Participants in a Red Cloud Renewable solar energy training course. (Courtesy of Red Cloud Renewable)
Pine Ridge-based solar energy nonprofit Red Cloud Renewable was awarded a $1.5 million federal grant to increase the number of Native American women working in the solar industry.
The grant is part of the Biden Administration’s “Investing in America” agenda aimed at achieving a 100% clean electricity grid by 2035 while boosting economic growth across the country. The grant is one of 12 nationwide with a total investment of $13.5 million.
According to the 2022 U.S. Energy and Employment Report, Indigenous workers make up 1% of the 330,000 solar energy employees across the country — and Indigenous women make up a fraction of that percentage.
“President Biden’s Investing in America agenda is accelerating the clean energy transition, resulting in the creation of hundreds of thousands of good-paying jobs and boosting our growing clean energy economy,” said U.S. Secretary of Energy Jennifer M. Granholm in a news release.
The Department of Energy expects solar energy will grow to between 500,000 and 1.5 million workers by 2035 to reach decarbonization goals.
That means there are plenty of job opportunities for Native Americans in South Dakota and across the country as that infrastructure is built, said John Red Cloud, managing director of Red Cloud Renewable.
Red Cloud Renewable is a training center focused on preparing students to enter the solar workforce or begin their own businesses. The program offers hands-on training over several months on how to install solar systems (including rooftop, ground mount and pole solar panels), installing over 1,000 solar systems and solar air furnaces since 2008. The installations are funded by donors.
Solar workers are paid $21 an hour for an entry level position and upwards of $28 an hour, nearly $60,000, depending on their experience, Red Cloud said.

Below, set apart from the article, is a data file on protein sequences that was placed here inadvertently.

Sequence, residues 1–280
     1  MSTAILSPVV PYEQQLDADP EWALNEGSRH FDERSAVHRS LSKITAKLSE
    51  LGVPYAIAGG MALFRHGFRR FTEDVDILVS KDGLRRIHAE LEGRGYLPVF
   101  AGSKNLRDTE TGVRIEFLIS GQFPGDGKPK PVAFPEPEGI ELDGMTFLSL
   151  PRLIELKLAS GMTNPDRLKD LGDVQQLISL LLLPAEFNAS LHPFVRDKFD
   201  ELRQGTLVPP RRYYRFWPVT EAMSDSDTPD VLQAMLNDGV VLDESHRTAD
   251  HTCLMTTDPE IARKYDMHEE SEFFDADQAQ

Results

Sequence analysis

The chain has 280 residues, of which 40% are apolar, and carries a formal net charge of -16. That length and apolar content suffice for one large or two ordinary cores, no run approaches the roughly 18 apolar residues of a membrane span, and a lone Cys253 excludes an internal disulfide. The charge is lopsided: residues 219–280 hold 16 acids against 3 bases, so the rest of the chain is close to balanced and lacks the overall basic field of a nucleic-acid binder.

“Companies are screaming for workers,” he added.
The program was started by Red Cloud’s father in 2008. His goal of Native involvement in the solar industry centered not only on self sufficiency but the spirituality of the sun to Indigenous people. For example, the Sun Dance is one of the most important ceremonies practiced by the Lakota and Plains Indians, as it is a time of renewal, according to Akta Lakota Museum and Cultural Center.
“We’re using a new way, solar technology, to honor the old ways,” Red Cloud said, “giving reverence and respect to the life-giving power that the sun provides.”
Red Cloud Renewable has worked with over 70 tribal nations since it started, training over 1,200 students. Red Cloud hopes the program can be replicated and scaled up on different reservations across the country.
This grant program will focus on expanding the number of Native women in the solar workforce by creating a mobile lab and offering family-centric services, such as on-site child care at the training center while students are attending class.
“Let’s dot the countryside with solar. Let’s help the trajectory to reach those carbon goals,” Red Cloud said. “That’s what we’re doing, and we think Pine Ridge is a place to provide that example. If it can be done on Pine Ridge, then it can be done anywhere.”
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